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Understanding Modulation Modes on the XM310K

The XM310K is a zoned backlight monitor featuring a full array local dimming (FALD) backlight with over 2000 LED zones. The advantages of FALD backlights are that they remain one of the most efficient, practical, and cost effective ways to achieve very high peak luminance as well as very good black levels. The behavior and visual quality of any zoned backlight system are regulated both by the number of zones and the performance of the display’s backlight/LCD driving algorithms.

Generally speaking, displays with a higher number of individually controllable zones will outperform displays with a lower number of individually controllable zones. A display like the XM310K with over 2000 zones can therefore be expected to outperform displays that may only have 500 zones. This comes down to simple physics as more zones means finer tuned control over regions of the display. However, it is also important to consider the behavior of the human visual system as there is a point of diminishing returns as backlight density increases. Bright objects do result in a degree of veiling glare in the human eye so our ability to discern local contrast (sometimes called point spread function), especially in HDR, is not necessarily the same as the resolution of the display. This is ultimately very content and adaption state dependent so it would be unwise to suggest that one particular zone count is the perfect solution for all scenarios. Displays with near perfect pixel level luminance control are of course the ideal target and there are in fact displays that essentially achieve this (OLED and LMCL for example), but typically at the cost of other performance benchmarks like peak luminance to name just one potential limitation.

The backlight algorithms that drive a FALD display will necessarily need to compromise between different aspects of display performance. To minimize the appearance of halation for example the backlight algorithms may dim highlights or globally lift black levels. Or conversely the algorithms may maximize peak luminance response of even small bright objects at the cost of significant halation or flare. Most consumer displays and many professional displays have only one algorithm behavior in place. This is not to say that the algorithm behavior doesn’t adjust based on content, but ultimately there is often no way to force specific behaviors that might be incredibly important in a professional mastering context. The XM310K is built for use in a professional mastering environment and as such has three manually selectable backlight modulation modes accessible to the operator.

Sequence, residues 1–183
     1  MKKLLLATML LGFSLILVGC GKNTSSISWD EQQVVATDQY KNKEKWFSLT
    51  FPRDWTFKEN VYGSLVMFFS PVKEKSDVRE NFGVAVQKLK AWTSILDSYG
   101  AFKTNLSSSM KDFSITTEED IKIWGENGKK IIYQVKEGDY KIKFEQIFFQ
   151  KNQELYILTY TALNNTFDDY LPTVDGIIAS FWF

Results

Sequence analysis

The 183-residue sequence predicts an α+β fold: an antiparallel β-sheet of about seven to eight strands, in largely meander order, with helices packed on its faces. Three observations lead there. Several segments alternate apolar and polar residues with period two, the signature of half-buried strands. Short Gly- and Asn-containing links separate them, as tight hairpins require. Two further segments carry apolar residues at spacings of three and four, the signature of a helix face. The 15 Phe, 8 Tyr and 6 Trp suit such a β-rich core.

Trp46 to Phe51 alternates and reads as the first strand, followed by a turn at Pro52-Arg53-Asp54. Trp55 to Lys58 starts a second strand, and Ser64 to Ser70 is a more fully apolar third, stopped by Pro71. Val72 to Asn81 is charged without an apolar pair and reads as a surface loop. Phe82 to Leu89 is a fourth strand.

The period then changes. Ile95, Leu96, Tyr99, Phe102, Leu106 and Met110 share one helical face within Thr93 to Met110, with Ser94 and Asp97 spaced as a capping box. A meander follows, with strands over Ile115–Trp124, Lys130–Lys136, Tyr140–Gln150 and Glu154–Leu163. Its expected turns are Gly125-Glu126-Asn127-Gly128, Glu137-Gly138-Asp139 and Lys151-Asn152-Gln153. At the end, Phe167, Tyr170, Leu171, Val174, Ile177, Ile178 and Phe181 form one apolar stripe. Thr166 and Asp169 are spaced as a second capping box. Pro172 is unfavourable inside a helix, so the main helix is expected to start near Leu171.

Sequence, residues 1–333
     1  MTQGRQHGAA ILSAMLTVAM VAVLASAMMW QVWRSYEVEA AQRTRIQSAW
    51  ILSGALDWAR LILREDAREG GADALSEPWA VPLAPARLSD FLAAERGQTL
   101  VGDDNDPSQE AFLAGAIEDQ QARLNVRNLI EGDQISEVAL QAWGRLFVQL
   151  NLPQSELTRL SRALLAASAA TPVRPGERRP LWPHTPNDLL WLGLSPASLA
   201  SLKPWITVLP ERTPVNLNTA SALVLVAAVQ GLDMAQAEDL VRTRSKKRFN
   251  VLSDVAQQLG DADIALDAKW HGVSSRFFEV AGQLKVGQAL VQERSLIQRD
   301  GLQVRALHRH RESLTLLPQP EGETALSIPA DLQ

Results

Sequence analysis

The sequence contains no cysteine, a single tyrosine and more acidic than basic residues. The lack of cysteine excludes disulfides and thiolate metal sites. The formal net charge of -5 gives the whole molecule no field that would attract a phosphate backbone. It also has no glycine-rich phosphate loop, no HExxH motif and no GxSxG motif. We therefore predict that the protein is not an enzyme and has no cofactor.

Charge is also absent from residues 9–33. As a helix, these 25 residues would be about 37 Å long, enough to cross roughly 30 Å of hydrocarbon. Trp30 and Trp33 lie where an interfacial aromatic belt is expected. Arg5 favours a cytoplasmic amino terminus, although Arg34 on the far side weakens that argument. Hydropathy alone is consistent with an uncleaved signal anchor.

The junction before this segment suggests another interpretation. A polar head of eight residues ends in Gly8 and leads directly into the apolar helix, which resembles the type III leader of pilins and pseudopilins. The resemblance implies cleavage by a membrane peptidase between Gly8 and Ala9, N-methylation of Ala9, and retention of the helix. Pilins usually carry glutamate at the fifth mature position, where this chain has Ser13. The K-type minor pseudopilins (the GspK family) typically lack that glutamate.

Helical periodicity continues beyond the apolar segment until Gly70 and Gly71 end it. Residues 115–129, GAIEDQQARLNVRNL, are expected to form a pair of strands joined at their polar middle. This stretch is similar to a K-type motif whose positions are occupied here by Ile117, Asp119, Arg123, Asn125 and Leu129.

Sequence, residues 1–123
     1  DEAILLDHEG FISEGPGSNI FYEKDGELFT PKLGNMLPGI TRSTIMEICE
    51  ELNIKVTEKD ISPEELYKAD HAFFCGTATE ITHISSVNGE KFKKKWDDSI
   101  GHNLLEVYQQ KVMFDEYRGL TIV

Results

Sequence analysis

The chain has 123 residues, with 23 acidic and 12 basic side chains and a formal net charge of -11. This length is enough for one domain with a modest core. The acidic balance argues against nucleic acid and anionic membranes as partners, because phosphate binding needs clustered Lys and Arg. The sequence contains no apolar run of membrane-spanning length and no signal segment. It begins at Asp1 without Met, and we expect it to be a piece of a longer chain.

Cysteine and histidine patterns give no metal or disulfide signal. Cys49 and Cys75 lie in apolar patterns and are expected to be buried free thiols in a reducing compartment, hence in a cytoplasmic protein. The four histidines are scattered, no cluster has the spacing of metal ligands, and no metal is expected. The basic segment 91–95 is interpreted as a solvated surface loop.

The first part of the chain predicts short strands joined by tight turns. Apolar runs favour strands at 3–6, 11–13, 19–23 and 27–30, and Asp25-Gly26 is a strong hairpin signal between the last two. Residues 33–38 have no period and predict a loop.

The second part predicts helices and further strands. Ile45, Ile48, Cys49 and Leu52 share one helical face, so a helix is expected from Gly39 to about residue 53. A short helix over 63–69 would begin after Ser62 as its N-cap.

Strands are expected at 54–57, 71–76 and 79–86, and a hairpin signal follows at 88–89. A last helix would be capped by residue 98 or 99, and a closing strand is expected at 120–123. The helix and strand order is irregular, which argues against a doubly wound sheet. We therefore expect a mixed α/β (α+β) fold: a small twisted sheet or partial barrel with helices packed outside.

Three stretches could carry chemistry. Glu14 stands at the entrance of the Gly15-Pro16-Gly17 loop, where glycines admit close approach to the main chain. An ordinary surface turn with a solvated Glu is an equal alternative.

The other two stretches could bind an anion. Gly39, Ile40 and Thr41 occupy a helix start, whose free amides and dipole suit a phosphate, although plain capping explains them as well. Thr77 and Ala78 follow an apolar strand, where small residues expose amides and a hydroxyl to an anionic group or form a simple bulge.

Motion

The default dynamic backlight mode on the XM310K is the Motion optimized modulation mode. This mode balances peaks and contrast and as the name implies prioritizes motion handling to minimize potential artifacts. This mode puts specific emphasis on LED/LCD sync and halation reduction making it very well suited to viewing realtime playback of the majority of material. The Motion optimized modulation mode is the one we suggest for the bulk of day to day viewing on the XM310K and is also the mode that is typically used for client viewing and playback of mastered HDR content.

Peak

The Peak optimized modulation mode ensures the peak highlight code values are represented accurately on screen even if this results in significant halation or flare. To put this in context if you have a black background with just a few bright pixels present with code values representing 3000nits they will be shown at 3000nit nits in Peak mode with the side effect of a halo around those bright pixels. This can also lead to less desirable motion handling as a small bright object traveling from one zone to another causes rapid activation / deactivation of backlight zones. This coarse backlight behavior is more visible to users than the Motion optimized behavior. The value of the Peak optimized modulation mode comes in QC applications where operators want to ensure that highlight details contain the information they expect. The backlight algorithm behavior of many other FALD display devices may hide small bright object highlight detail with no way to switch to a mode like Peak for quality control purposes. So while not typically suggested for video playback this mode can be an invaluable QC tool.

Contrast

The Contrast optimized modulation mode can provide an improved black level to peak highlight behavior compared to the Motion optimized mode, but at the sacrifice of more robust motion handling. While not generally suggested for client playback this mode is sometimes found very useful by colorists when grading a high contrast static frame.

A great deal of time and effort have been put into selectable backlight driving modes on the XM310K. These continue to be refined as we receive more feedback from users and conduct more research, but we do strongly believe that having variable modes is of great value in professional environments and we hope this overview provides some helpful background on the reasoning and advised use cases for these modes.